2. Slow down Mannion: OSU quarterback Sean Mannion leads the nation’s top-ranked passing attack and he is going to be throwing the ball a lot. Mannion averages nearly 50 pass attempts a game and many of them go to Brandin Cooks, the nation’s leading receiver. The Trojans will need to get pressure up front, something the Stanford Cardinal did in their victory over the Beavers last week. USC will be without leading sack-man Morgan Breslin but look for Leonard Williams, Devon Kennard and J.R. Tavai to pick up the slack.

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Here are 7 freshmen who could play much bigger roles for the Trojans in 2014:

• RB Ty Isaac: In his limited action so far in 2013 -- eight carries for 59 yards, a team leading 7.4 yards-per rush -- Isaac has shown that his future is bright. He has excellent size in the range of 6-foot-3 and 225 pounds, plus he has a nice forward lean and pretty good speed. Silas Redd will be the only tailback to leave an already crowded rotation but Isaac should be able to quickly carve a niche as a power back with the capability of putting up good numbers.

[+] EnlargeLeon McQuay III
AP Photo/Gus RuelasFreshman safety Leon McQuay III had his first career interception in the Trojans' win over Utah.
• WR Darreus Rogers: It’s no surprise that Rogers is on this list, considering how injuries have been the only thing to slow him in his brief USC career. He had one catch in the first three games, did not play the next three, and then had 11 catches for 122 yards in the last two games combined when finally healthy. Rogers is a physically strong receiver who will find a lot of success with intermediate routes. If Marqise Lee leaves early for the draft, as is widely suspected, look for Rogers to move into the starting role alongside Nelson Agholor.

• OL Jordan Simmons: Among the USC reserve linemen, Simmons was the one most ready to step in as a major contributor before going down with a knee injury last week that will force him out of the remainder of the year. Assuming he is able to come back healthy for the start of 2014, he could definitely be in the mix for a starting spot depending upon how the rotation shakes out.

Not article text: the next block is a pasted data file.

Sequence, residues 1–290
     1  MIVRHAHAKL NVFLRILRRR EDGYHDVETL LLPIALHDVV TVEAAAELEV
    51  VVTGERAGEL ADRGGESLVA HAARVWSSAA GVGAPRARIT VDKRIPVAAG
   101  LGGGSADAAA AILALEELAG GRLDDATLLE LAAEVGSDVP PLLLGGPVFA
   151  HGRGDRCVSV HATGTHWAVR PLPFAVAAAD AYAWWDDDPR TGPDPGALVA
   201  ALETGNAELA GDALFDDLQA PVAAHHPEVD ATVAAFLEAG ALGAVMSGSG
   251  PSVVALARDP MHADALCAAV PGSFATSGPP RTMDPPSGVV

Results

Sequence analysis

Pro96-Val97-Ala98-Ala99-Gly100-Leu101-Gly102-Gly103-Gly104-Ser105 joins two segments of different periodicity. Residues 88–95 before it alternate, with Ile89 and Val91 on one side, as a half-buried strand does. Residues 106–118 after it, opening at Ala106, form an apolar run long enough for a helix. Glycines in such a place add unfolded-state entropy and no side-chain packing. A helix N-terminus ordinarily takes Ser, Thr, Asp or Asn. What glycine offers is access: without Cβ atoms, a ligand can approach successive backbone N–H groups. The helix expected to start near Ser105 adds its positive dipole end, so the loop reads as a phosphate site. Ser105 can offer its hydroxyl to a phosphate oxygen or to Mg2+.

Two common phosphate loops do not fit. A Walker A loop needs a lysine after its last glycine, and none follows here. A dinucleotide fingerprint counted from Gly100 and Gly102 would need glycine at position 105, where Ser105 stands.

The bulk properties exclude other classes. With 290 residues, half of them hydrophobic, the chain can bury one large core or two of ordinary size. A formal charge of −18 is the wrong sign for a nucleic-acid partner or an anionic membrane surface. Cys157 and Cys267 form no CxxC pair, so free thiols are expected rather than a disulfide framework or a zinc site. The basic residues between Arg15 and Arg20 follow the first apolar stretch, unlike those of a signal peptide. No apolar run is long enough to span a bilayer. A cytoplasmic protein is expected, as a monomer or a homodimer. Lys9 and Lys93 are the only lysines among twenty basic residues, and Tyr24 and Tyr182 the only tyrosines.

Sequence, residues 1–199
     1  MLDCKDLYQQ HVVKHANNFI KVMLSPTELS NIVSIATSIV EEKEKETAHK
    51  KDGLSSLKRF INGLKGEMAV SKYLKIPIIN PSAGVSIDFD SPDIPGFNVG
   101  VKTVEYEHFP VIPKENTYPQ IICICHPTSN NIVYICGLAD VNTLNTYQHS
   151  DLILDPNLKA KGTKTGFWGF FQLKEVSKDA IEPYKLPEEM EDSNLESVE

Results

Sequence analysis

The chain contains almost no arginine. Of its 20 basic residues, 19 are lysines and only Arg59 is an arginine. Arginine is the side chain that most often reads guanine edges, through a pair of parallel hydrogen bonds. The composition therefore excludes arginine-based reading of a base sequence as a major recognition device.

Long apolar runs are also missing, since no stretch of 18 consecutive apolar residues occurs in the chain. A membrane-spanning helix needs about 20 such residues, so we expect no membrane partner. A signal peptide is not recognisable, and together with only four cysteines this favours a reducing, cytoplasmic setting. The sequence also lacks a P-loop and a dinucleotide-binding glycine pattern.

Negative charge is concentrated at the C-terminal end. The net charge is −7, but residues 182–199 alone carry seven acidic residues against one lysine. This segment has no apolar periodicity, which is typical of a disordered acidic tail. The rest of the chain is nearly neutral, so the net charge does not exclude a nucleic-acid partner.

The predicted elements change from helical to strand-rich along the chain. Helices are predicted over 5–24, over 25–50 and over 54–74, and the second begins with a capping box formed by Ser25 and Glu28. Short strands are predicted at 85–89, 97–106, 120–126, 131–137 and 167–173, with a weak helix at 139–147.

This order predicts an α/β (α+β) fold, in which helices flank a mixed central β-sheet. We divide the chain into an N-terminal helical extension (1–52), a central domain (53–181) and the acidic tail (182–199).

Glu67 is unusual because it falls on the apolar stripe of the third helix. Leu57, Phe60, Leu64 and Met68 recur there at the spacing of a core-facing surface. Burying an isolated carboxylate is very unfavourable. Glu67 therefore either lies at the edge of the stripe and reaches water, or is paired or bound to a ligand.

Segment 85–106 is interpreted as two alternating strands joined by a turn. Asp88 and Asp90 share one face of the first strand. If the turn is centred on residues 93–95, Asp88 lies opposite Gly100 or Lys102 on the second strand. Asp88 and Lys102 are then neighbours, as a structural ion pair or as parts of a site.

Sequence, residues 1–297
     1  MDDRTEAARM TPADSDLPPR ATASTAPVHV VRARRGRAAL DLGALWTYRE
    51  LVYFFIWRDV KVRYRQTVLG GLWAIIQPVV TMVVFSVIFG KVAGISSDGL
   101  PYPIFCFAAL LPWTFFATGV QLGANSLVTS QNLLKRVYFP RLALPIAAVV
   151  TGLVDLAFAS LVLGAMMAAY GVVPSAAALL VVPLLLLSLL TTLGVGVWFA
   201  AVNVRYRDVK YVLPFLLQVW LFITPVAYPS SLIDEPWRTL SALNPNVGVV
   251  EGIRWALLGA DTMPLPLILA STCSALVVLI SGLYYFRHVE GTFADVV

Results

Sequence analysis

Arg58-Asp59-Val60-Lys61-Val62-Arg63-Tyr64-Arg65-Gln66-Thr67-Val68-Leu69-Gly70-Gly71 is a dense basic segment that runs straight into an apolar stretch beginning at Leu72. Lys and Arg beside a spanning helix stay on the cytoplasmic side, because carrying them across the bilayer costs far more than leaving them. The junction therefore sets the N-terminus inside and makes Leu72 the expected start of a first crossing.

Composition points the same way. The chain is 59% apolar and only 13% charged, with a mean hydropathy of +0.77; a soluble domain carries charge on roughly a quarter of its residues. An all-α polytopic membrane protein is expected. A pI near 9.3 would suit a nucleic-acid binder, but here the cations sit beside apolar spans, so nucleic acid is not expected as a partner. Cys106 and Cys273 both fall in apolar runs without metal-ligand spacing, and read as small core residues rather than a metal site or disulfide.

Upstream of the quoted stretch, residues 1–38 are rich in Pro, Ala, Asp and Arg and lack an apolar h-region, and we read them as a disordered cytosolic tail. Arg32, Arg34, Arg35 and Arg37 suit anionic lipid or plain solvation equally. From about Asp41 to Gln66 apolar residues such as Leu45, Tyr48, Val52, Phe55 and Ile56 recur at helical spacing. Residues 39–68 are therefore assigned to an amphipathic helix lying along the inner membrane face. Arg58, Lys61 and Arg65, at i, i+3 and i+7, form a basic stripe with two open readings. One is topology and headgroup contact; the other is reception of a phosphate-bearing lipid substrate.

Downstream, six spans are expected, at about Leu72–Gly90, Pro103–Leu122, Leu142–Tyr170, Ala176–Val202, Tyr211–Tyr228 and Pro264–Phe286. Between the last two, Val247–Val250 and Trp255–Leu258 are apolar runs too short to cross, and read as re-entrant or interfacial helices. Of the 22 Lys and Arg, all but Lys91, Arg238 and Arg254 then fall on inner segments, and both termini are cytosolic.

• DL Kenny Bigelow: There were a lot of expectations on Bigelow to come in and be an immediate contributor as a freshman this season but that just didn’t pan out. Bigelow has his moments on the practice field but there are also times when you can see that it was a big leap for him to be at the USC level. The redshirt year should do wonders and chances are Bigelow will be ready to play an expanded role along the line next fall.

• OLB Jabari Ruffin: Both of the USC outside linebackers will be graduating this year so chances are good that Ruffin will be filling one of the starting spots next year. Ruffin has been backing up Devon Kennard this year and has nine tackles, one sack and a forced fumble. He has also been an active part of special teams.

• CB Chris Hawkins: The corner spot has been one of the biggest issues with the defense this year and Hawkins offers the promise of being a good addition to the group in 2014. Hawkins brings good fundamentals to the position and the redshirt year should allow him to add more bulk to his frame.

• S Leon McQuay III: There has been a lot of attention paid to fellow freshman safety Su’a Cravens -- and justifiably so -- but McQuay has been quietly improving on the practice field and even showed a glimpse of his future against Utah with three tackles and an interception in his first start. McQuay has also shown a real knack in practice for blocking field goals.
One of the biggest topics for USC fans in the aftermath of the loss to Notre Dame was the impact of the game on the job status of interim coach Ed Orgeron.